Planning the construction of a small craft berthing facility requires full consideration of the proposed project site and the boats it will serve so the facility is carefully situated. A carefully-planned design will ensure that all boats can properly navigate the harbor and utilize the facility.  It also will enable the facility to be used to its highest capacity potential.

Typical layout of small-craft harbor.

FIRST, contractors should consider the berthing basins.  Good basin geometry requires adequate clearances for slopes beyond the beam and length of the craft width; entrance and exit channels; and the depth and width of water area for maneuvering to and from slips.  This will allow water crafts to safely maneuver and navigate.

An average harbor with all-ship moorage where good basin geometry can be obtained will be able to berth between 15 and 20 boats (30 to 35 feet in length) for every acre of navigable water area, which includes the main interior channel, slip areas and fairways.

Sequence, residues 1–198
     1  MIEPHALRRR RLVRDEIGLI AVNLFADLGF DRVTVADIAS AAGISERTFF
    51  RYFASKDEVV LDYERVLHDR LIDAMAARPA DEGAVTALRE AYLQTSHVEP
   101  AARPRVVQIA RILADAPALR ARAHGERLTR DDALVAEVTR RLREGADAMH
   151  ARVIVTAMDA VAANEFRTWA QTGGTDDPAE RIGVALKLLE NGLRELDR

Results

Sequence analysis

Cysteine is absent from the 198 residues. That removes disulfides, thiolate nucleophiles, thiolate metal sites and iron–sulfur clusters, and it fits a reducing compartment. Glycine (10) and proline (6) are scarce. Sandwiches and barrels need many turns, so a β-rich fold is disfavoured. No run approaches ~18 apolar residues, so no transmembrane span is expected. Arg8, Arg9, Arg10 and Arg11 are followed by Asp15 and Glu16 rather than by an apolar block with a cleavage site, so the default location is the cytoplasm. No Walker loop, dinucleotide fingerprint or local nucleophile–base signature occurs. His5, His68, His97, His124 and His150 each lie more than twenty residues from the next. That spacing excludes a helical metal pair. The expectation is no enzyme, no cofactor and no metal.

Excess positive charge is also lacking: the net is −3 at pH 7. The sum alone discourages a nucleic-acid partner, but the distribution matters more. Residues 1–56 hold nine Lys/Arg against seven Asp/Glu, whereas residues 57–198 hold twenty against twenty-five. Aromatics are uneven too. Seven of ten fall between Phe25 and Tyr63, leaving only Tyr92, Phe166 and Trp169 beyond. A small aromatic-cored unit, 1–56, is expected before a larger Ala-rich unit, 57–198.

The depth of the berthing basin also must be evaluated.  The depth of the berthing basin should be at least two feet below the keep of the deepest-draft boat at extreme low water.

SECOND, contractors should secure adequate land to serve both the harbor and berthing facility.  Typically, land area will be about 80 percent of the water area.  This is roughly the equivalent of 160-square meters per boat.

THIRD, the size of each slip should be calculated.  Two-boat slips require wider fingers than single-boat slips.  For this reason, they will take up approximately the same area as single-boat slips.

If bow and stern moorings are used in place of slips, approximately two to four times as much water area is required, depending on water depth.